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Accounting for livestock water productivity: How and why?

The assessment of water productivity in livestock supply chains has a critical role to play in developing productive and sustainable food production systems worldwide. In particular, the evaluation of water productivity improvement options is key to addressing growing food demand and the projected impacts of climate change under conditions where the availability of land and water resources is increasingly limited. In this report, we review current applications of water productivity analysis in livestock supply chains. To do so, we analysed 50 livestock water productivity studies carried out in various regions of the world from 1993 to the present time. We reviewed the assessment goals, system boundaries, methodological approaches, water flows, modelling tools, databases, livestock species and the main findings in each of the studies. We found that there was no consistency in the methods and approaches used to assess water productivity in livestock production chains.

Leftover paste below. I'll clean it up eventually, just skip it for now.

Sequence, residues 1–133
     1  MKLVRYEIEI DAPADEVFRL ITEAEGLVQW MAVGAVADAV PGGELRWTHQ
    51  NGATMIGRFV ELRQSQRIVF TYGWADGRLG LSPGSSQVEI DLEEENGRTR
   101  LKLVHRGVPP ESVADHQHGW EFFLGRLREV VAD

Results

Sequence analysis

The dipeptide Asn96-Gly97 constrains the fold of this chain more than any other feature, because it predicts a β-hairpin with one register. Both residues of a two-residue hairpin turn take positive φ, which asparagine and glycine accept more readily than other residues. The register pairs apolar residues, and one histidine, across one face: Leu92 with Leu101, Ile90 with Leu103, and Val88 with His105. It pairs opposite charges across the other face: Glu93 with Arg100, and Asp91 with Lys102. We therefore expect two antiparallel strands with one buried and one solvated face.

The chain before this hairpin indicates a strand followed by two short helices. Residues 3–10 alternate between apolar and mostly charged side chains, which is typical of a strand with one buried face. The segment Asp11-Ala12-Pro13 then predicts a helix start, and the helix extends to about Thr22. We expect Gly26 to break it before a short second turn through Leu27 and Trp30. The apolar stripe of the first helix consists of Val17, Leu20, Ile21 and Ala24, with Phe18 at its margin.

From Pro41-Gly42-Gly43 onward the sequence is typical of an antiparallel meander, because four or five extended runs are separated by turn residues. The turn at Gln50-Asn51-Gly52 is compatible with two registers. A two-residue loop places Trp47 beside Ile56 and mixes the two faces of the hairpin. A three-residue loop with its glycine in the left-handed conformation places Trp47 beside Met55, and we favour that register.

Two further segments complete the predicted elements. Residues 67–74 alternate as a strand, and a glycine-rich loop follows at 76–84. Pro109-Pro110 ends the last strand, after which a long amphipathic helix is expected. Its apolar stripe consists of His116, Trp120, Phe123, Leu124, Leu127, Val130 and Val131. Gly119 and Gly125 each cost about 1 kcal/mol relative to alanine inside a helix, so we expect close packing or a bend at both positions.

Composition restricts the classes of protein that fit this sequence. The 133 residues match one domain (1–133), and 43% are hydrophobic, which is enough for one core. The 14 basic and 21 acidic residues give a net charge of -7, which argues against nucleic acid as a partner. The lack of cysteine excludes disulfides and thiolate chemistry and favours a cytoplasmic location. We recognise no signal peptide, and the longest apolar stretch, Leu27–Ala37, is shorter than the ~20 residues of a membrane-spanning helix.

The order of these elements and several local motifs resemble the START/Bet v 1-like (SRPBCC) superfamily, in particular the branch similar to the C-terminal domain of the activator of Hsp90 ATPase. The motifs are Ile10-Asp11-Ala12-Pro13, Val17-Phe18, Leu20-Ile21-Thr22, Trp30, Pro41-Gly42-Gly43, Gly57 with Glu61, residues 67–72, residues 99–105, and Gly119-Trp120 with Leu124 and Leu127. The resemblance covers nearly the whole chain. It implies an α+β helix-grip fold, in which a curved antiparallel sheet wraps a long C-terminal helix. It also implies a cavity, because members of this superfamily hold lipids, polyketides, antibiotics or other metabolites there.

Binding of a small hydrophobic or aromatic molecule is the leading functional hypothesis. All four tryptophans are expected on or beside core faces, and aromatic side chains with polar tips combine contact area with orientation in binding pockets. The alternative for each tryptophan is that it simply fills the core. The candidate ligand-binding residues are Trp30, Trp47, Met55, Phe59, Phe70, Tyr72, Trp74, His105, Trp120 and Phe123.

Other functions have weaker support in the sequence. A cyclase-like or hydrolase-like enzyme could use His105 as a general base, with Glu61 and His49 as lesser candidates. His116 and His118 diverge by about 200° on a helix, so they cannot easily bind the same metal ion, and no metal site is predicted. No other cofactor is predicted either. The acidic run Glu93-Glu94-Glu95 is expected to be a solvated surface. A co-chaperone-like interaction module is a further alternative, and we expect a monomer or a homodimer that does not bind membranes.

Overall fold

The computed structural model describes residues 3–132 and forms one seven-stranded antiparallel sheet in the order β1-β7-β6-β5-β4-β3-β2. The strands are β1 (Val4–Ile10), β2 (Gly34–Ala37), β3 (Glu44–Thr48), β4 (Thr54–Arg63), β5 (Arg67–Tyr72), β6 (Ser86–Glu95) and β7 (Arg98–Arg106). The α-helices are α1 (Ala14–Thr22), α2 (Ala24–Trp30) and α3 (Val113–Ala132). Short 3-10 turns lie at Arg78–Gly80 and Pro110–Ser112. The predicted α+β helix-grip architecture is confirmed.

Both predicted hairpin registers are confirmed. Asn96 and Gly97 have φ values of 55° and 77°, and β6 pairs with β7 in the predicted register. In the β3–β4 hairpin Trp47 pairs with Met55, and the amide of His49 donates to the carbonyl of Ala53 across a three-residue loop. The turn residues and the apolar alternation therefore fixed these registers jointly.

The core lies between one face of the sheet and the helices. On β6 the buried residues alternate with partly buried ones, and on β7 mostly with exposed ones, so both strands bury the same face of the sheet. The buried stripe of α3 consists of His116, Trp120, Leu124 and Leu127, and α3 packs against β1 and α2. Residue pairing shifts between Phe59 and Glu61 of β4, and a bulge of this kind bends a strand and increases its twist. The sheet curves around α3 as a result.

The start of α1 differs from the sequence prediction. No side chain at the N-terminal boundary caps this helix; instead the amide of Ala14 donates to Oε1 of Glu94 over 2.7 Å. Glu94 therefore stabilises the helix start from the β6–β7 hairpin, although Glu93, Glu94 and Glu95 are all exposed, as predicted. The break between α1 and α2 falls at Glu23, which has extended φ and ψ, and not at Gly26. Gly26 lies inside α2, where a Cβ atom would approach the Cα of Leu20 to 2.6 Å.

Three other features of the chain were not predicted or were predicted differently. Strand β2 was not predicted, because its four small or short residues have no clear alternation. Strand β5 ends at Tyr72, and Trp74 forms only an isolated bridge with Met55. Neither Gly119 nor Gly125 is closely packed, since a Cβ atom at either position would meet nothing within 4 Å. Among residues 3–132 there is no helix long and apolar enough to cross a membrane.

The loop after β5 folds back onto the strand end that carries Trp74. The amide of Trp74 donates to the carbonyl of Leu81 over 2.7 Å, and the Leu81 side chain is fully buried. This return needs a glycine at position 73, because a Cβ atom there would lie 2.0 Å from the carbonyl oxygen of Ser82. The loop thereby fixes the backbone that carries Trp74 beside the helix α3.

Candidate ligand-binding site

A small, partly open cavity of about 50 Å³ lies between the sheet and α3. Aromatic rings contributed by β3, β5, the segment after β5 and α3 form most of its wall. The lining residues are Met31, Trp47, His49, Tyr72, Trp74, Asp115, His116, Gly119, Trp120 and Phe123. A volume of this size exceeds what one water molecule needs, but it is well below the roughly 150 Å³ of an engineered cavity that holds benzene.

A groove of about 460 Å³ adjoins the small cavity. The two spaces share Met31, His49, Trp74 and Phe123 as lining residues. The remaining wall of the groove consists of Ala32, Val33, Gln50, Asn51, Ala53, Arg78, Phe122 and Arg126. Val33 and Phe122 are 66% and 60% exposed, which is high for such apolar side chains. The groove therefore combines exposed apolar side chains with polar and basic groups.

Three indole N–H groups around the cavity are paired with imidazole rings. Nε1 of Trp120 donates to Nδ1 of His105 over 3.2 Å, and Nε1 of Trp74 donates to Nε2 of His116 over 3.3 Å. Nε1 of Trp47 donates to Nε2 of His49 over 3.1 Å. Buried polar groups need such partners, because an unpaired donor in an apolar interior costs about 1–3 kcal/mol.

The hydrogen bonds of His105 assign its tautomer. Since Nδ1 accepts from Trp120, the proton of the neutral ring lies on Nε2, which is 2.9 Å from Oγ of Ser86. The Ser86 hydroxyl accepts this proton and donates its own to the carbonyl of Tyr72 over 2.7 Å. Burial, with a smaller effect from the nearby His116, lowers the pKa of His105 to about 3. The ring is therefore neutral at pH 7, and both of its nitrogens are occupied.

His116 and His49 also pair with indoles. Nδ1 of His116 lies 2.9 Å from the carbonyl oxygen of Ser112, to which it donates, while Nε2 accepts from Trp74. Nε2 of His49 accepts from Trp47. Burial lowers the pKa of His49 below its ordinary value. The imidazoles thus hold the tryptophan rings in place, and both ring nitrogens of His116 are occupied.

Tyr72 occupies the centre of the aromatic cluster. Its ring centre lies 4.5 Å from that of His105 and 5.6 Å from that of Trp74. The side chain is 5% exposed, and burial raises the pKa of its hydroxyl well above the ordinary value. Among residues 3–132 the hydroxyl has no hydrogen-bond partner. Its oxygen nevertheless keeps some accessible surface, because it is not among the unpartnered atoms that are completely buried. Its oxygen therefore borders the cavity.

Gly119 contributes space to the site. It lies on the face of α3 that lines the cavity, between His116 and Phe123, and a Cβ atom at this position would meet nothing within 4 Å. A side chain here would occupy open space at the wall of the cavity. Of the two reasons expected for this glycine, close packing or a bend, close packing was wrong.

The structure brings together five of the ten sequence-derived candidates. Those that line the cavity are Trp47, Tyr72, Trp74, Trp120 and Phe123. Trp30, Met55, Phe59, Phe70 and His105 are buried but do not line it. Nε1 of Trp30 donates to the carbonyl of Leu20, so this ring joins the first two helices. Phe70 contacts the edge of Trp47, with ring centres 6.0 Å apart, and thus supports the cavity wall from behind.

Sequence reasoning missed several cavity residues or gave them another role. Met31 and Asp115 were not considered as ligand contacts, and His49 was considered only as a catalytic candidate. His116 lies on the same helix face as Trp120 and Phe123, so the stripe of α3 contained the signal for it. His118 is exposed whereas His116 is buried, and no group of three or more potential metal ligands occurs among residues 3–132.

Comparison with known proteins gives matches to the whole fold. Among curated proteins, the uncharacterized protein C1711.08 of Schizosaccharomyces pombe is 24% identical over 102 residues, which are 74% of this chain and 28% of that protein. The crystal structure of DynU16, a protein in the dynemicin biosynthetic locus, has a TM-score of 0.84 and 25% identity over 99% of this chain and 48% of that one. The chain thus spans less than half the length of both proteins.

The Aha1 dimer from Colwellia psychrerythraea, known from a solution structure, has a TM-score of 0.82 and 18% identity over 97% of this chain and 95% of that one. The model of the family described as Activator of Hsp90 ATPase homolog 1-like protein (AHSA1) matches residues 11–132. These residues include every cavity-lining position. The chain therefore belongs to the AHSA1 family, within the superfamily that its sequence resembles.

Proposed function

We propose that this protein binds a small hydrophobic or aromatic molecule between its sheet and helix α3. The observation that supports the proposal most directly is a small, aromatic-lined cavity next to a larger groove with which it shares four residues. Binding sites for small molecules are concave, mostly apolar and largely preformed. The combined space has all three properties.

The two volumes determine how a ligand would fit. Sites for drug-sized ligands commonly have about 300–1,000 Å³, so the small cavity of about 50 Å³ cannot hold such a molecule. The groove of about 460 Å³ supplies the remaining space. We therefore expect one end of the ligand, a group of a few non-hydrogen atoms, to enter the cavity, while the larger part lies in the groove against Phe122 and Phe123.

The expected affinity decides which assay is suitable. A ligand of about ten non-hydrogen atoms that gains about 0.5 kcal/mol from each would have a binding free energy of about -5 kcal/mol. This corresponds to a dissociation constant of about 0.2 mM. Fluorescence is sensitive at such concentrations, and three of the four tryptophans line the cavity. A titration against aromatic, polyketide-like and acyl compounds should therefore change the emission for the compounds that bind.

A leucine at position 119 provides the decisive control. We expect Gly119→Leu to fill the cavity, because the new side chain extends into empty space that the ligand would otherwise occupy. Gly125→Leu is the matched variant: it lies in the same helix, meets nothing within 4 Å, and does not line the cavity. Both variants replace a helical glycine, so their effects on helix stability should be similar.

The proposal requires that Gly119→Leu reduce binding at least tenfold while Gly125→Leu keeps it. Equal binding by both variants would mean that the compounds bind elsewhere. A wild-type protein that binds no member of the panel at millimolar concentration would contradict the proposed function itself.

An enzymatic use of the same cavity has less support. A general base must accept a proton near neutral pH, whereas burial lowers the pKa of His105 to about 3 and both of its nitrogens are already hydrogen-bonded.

The studies varied widely in terms of their assessment goals, methodology, and the sources of water used for the analysis. The main methodological differences were the inclusion or exclusion of background processes, such as water input and the treatment of precipitation in accounting for water use in livestock production processes. Another key issue was the missing uncertainty assessment, which can be classified as input data uncertainty or model uncertainty, as well as choice uncertainties. The review recommends the further development of guidelines that ensure a consistent and coordinated application of water productivity analysis of livestock production systems world-wide.